Preventing Productivity Loss After a Natural Disaster
Considering the recent weather events in the Southern United States, it only seems prudent to address a few considerations that may not be the first to come to mind when making business arrangements for such occurrences. For instance, what are the expectations that employees are held to in the case of a weather disaster?
Granted, we may have lucked out this summer, but we also all know how unpredictable the weather can be during our Upstate New York winters. With this in mind, as well as all of the other events that our region has seen in the past, it certainly does no harm to plan ahead--and to ask that question for ourselves. What are employees to do when the weather turns disastrous?
This question was especially pertinent for those whose homes and workplaces were in Hurricane Irma’s way. Many turned to Reddit and Twitter to find out if they would be sacrificing their jobs if they got a head start on their evacuation. The answer, from a strictly legal standpoint, may surprise you.
Shockingly, OSHA--the Occupational Safety and Health Administration--has no protections set up for workers in these circumstances. This means that an employee could be fired or otherwise penalized for not coming into work, even if their place of employment is directly in the danger zone.
Employees can also feel some ill effects if their employers are forced to close. According to the Fair Labor Standards Act, an exempt employee must be paid if the weather forces the business to close for less than a week. However, the employer can then deduct that time from the employee’s vacation or sick time--and if the employee cannot make it into work due to weather conditions, that day’s salary can be deducted from their paycheck. Non-exempt employees are not required to be paid for a weather-related closure.
Admittedly, these actions are all taken in order to give the business the best chance of surviving the weather event--but there are other solutions that don’t put the employees in such a tough spot.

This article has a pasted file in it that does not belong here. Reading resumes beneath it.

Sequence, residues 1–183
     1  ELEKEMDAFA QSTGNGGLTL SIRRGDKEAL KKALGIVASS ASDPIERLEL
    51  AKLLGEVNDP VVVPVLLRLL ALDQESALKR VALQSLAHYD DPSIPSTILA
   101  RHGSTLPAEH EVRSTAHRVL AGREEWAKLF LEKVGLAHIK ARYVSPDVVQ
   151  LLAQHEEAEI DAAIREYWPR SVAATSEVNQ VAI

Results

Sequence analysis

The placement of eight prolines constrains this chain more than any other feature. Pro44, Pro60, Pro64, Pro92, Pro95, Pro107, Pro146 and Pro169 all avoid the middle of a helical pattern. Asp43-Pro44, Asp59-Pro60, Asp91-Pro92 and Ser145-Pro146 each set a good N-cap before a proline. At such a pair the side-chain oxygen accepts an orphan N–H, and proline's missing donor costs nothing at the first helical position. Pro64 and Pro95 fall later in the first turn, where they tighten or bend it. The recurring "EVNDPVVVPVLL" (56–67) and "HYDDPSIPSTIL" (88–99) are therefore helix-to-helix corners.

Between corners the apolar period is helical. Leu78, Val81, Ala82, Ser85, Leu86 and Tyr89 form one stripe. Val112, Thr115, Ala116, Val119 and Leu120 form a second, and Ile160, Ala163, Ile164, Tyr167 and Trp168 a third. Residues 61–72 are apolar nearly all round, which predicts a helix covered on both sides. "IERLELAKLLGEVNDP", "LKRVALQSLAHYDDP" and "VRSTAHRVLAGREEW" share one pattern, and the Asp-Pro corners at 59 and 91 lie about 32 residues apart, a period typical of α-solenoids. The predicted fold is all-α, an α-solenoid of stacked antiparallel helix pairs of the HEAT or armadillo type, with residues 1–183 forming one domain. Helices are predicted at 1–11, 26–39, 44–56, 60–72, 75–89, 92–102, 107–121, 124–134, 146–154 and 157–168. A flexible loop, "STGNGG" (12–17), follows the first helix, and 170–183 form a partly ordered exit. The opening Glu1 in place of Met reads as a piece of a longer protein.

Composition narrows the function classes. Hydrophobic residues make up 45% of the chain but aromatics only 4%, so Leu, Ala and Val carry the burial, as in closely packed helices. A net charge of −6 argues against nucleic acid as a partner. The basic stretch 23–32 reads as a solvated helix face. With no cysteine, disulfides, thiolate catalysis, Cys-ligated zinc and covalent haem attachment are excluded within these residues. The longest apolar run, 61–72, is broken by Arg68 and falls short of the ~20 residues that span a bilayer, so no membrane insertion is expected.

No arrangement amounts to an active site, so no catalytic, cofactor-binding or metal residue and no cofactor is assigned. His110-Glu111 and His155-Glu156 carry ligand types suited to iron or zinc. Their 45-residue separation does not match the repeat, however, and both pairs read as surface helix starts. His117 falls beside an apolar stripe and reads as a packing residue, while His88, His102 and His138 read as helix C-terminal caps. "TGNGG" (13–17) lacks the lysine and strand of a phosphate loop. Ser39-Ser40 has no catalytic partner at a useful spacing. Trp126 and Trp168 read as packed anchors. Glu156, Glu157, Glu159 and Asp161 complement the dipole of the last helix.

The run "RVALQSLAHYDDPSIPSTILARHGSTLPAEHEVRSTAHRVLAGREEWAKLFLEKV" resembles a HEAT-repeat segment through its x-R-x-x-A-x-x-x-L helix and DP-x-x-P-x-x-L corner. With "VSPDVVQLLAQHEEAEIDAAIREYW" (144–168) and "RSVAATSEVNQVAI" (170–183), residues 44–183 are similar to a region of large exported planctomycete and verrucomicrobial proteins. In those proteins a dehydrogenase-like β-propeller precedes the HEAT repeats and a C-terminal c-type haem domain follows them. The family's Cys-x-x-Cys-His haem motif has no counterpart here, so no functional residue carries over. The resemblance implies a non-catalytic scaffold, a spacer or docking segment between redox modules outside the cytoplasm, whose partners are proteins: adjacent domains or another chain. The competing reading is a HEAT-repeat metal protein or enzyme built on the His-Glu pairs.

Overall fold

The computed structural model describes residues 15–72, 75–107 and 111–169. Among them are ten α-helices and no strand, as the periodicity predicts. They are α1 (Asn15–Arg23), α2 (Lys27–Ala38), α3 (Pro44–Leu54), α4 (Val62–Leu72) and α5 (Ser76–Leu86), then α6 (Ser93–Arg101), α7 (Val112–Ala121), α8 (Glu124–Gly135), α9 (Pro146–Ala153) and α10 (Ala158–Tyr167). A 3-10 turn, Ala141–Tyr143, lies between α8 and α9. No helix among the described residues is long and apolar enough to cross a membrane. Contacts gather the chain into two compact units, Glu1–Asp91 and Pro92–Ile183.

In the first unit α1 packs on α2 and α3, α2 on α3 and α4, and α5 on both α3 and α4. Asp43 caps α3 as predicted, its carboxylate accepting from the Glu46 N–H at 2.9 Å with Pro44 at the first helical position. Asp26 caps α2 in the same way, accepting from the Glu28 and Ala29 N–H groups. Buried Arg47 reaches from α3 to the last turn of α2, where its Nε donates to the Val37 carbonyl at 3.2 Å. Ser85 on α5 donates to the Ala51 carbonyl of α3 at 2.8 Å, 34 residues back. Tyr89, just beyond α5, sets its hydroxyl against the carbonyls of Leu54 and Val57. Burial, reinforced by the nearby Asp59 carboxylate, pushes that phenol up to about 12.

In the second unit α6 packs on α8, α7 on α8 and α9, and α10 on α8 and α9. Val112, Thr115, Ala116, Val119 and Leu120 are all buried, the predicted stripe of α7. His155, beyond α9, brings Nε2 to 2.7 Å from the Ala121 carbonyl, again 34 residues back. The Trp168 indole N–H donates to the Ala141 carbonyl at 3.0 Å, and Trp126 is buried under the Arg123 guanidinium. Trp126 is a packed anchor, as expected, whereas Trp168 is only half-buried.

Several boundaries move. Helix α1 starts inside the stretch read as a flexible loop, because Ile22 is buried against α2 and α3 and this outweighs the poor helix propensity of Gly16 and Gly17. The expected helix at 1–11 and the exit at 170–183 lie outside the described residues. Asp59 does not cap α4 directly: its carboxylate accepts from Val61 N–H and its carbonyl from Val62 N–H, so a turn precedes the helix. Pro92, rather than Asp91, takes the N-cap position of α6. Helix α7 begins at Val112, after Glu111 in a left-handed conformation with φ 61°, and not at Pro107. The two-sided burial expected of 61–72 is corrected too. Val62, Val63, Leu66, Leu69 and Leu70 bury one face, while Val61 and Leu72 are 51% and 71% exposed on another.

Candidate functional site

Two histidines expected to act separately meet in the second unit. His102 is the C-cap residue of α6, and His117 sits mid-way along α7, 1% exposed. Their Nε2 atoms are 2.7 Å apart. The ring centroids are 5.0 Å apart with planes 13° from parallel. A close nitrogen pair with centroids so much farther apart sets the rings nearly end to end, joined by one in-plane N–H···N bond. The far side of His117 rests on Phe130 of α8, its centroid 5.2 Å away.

You need to devise a plan of action for your company to adhere to in such circumstances. A business continuity plan is something that every business should have, as they can offer an improved likelihood of your business surviving a disaster--including extremely inclement weather.
This plan should include a means of communicating with employees to alert them that the business will not be open, or that they should use the technologies that allow them to work remotely rather than risk coming in. You should also include a strategy to alert your clients and/or customers if you do elect to close your business completely, to avoid disappointing them by being unexpectedly unavailable.
In addition, your plan needs to include data backup, outlining where it is stored and how it can be retrieved. Your plan should include other key considerations as well, such as who in the chain of command is responsible for which duties, and who is in charge if management is not able to be present.
Finally, this plan also needs to address how you intend to resume business as quickly as possible, even if your location is no longer able to support it. Whether you continue a remote work strategy or figure out a temporary location to inhabit, your plan should communicate that.
There is much more that your disaster preparedness needs to address in addition to what has been covered here. For more, reach out to us at 607.433.2200.